Teams of doctors rotated in and out of Afghanistan in the early 1980s, when a Soviet invasion sparked widespread instability. For indigenous people in Brazil that same decade, contact with settlers and loggers brought serious health problems, so Médecins du Monde responded with an emergency vaccination program. It supported anti-apartheid medical workers in South Africa, HIV/AIDS care in Romania, mental healthcare in Rwanda shortly after a genocide ended there and post-typhoon emergency care in the Philippines.

These and many other projects were supported by administrators in France, where Médecins du Monde is headquartered.

But over time, the nexus of global crises shifted. Patterns of human migration expanded. Rickety boats overcrowded with people have always navigated waterways in certain regions, but suddenly, such boats set out into the Mediterranean Sea like never before, as numerous as the waves that lap against the coastlines of Greece and Italy.

Fewer than 10,000 people categorized as refugees or migrants arrived in Europe by sea in 2010, according to data collected by UNHCR, the United Nations’ refugee resettlement agency. In 2015, land and sea arrivals topped 1 million.

Aid agencies worked quickly to respond to this ever-changing crisis. Médecins du Monde launched healthcare programs at first in Italy and Greece, then expanded to multiple European countries as people traveling from Afghanistan, Bangladesh, and many other places pushed northward.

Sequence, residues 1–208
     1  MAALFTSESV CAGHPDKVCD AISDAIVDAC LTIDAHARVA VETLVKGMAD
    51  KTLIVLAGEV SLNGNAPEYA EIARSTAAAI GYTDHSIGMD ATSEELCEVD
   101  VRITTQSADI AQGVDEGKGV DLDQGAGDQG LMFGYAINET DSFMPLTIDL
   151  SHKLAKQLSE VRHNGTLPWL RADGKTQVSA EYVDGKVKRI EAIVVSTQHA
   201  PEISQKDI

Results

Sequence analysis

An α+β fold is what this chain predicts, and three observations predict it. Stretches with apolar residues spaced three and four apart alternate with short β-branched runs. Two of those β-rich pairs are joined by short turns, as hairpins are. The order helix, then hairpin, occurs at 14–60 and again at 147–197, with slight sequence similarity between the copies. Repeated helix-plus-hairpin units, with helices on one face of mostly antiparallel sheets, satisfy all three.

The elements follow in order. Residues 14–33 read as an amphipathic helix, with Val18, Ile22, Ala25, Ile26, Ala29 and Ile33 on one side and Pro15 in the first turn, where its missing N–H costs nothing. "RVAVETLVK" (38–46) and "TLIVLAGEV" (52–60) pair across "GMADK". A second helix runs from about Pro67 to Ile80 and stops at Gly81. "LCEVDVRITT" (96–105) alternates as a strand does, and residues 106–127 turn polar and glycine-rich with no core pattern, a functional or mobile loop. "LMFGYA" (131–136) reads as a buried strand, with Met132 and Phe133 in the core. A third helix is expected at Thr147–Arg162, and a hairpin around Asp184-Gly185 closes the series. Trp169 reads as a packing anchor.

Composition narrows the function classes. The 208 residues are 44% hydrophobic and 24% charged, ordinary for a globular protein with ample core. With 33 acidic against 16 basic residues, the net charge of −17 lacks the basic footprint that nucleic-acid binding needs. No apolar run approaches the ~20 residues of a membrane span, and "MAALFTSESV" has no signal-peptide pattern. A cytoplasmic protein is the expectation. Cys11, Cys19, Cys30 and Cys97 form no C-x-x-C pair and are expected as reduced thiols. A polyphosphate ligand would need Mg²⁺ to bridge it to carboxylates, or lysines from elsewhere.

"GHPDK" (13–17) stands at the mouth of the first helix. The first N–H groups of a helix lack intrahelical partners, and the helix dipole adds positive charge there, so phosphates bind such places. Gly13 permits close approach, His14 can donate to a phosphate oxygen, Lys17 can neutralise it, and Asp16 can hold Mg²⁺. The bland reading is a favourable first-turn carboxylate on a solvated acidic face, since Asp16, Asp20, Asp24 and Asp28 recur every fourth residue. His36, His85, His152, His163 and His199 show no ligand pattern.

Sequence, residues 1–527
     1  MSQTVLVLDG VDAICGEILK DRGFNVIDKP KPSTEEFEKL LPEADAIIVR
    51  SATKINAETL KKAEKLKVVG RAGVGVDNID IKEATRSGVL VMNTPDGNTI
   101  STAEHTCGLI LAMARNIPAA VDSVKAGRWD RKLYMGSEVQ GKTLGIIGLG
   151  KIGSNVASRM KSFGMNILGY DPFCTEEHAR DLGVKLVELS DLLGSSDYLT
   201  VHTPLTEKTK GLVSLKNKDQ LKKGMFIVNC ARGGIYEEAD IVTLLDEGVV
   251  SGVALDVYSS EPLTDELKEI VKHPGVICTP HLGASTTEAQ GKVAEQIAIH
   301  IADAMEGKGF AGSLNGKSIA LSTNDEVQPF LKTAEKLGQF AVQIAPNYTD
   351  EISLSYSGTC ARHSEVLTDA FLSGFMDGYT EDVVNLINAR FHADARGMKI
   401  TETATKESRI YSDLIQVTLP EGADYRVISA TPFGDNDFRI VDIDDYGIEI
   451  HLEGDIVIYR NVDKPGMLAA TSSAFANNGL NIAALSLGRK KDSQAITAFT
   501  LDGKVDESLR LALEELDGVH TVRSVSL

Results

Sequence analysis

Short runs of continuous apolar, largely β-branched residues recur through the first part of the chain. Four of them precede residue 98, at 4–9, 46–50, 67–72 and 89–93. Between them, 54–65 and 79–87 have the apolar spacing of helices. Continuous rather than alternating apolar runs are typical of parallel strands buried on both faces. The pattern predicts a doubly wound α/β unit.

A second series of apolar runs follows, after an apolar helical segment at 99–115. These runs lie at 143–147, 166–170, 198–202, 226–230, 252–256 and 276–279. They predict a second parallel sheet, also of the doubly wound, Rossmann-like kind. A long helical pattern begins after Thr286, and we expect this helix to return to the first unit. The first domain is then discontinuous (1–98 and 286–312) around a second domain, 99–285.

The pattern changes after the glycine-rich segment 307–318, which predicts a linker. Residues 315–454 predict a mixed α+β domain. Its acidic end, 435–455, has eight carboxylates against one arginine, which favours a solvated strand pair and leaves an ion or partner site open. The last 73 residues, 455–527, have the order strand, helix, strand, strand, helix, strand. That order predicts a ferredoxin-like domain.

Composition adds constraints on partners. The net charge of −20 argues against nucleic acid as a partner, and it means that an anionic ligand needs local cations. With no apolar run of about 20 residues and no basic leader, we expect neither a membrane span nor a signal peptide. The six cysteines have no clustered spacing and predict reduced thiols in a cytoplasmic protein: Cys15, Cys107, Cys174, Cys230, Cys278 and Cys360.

Legally, newly-arrived people in most European countries are entitled to medical services. In Italy, for example, a registration process that includes access to a doctor is supposed to happen immediately. But in reality, that process can take up to nine months, says Eve Derriennic, a Paris-based desk officer with Médecins du Monde who has worked extensively with people recently arrived in Europe.

In every case, women on this northward journey are in the minority. On average, they’re outnumbered by men two to one by the time they formally seek asylum. In many cases, they account for fewer than 10 percent of the people in need of services.

“In an emergency situation, most of the activities target the 90 percent,” Derriennic says.

Most donors who fund work like that of Médecins du Monde want to target the largest number of people as possible. It’s difficult to find the money for specialists who focus on women, such as obstetricians, Derriennic says.

Médecins du Monde’s goal isn’t to replace a local health system, but even the women who are able to register for health services in Italy are often unable to get the care they need. It’s not unusual for a woman to be pregnant, as a result of rape, by the time she lands in Europe, Derriennic says.

In Greece, Derriennic says, women who were accustomed to easily-available contraception in their home countries often couldn’t find it at all.